A Sudanese court convicted and sentenced to death two senior members of a Darfur rebel group and six others for their role in an attack near the capital three months ago, court officials and a lawyer said Sunday.
Defense lawyer Kamal al-Jazouli said the eight convicted include Abdel Aziz Ushar, a senior commander in the Justice and Equality movement and half-brother of the group's leader, Khalil Ibrahim.
Ushar was arrested days after the daring May 10 attack by JEM on the outskirts of Khartoum, where more than 200 people were killed.
It was the closest Darfur rebels have ever come to the capital, hundreds of miles from their base in the far west of the country.
The conflict in Darfur erupted in 2003 when ethnic Africans in western Sudan took up arms against the central government in Khartoum, accusing it of marginalization and monopolizing resources. As many as 300,000 people have been killed and 2.5 million displaced since the violence began. Until the attack on the capital, the conflict was mostly confined to Darfur.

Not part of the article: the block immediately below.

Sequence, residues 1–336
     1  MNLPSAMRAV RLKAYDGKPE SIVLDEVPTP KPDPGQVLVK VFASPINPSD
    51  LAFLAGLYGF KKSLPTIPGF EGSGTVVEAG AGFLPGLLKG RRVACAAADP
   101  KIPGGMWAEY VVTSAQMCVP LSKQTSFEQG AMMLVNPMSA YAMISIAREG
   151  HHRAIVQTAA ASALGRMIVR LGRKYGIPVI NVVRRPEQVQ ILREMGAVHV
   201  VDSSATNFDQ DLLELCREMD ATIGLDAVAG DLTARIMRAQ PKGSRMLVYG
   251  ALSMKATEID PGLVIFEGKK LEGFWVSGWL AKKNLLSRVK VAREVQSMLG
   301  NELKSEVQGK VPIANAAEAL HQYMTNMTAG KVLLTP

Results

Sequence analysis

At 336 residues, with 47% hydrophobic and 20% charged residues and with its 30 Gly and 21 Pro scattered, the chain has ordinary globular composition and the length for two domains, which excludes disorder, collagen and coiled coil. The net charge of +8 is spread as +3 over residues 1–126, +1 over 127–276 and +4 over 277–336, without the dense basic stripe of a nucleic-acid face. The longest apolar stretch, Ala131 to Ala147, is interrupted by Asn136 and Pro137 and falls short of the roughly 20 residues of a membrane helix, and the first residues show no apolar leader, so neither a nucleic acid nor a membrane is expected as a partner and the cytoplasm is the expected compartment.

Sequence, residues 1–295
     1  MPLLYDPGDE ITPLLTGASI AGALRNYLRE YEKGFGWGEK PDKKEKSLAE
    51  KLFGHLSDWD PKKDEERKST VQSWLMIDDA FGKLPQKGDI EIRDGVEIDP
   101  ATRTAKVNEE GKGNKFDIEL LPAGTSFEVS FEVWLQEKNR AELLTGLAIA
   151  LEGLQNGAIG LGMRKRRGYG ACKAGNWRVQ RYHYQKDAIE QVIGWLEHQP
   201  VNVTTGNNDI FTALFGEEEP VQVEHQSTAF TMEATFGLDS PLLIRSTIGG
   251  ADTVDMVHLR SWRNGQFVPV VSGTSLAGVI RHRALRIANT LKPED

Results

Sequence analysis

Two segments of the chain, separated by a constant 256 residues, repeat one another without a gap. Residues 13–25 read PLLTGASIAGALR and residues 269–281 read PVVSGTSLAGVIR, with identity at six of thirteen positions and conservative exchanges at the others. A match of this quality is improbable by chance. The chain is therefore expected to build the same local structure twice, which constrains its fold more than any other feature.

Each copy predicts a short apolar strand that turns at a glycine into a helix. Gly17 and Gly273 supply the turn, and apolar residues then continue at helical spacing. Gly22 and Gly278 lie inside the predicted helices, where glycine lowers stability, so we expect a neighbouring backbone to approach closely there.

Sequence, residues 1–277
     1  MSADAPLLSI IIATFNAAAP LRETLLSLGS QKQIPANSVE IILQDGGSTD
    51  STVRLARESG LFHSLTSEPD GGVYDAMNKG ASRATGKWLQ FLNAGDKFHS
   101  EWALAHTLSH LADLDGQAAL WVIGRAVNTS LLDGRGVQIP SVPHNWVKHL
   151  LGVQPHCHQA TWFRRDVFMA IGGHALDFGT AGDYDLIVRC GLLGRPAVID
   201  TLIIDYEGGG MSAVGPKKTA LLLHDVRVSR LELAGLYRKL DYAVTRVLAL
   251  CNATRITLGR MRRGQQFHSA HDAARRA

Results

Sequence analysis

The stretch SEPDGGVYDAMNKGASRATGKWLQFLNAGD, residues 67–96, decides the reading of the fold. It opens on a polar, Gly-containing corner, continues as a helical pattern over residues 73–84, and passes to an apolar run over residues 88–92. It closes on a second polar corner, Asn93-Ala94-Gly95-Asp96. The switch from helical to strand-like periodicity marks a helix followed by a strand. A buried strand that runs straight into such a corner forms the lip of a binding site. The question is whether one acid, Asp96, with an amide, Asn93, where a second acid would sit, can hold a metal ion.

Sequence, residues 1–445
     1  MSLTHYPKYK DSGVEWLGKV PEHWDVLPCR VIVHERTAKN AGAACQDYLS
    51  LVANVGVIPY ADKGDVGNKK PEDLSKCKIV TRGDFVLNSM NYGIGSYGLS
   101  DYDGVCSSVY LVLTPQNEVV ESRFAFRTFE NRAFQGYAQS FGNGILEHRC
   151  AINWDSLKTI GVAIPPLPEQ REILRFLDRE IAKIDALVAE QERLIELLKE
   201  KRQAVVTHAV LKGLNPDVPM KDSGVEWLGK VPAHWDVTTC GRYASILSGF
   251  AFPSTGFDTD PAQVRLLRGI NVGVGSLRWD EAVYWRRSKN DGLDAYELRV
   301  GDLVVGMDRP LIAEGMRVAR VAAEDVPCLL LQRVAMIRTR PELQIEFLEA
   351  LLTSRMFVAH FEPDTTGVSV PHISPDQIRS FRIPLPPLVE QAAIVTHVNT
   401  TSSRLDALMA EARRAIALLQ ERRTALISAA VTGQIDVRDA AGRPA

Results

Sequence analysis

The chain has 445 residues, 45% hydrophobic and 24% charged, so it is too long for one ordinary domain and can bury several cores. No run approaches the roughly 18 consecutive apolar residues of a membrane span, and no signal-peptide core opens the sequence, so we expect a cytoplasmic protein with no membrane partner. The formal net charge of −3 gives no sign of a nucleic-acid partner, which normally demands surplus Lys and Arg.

Al-Jazouli said he has a week to appeal the verdict. He said he also has challenged the constitutionality of the anti-terrorist courts. The special courts were set up in June, following the attack, and have since sentenced 38 people to death.
The dozen charges against the defendants included waging war against the state and the illicit use of weapons. Another 20 await a verdict on Wednesday in the same case. Hundreds of Darfurians were arrested after the attack, and it remains unclear how many remain behind bars.
Suleiman Sandal, a senior JEM commander in Darfur, vowed revenge if the death sentences against Ushar and others were carried out.
"We swore if they go ahead with the execution, we will exact vengeance from anyone who performs it," Sandal said in a satellite phone interview.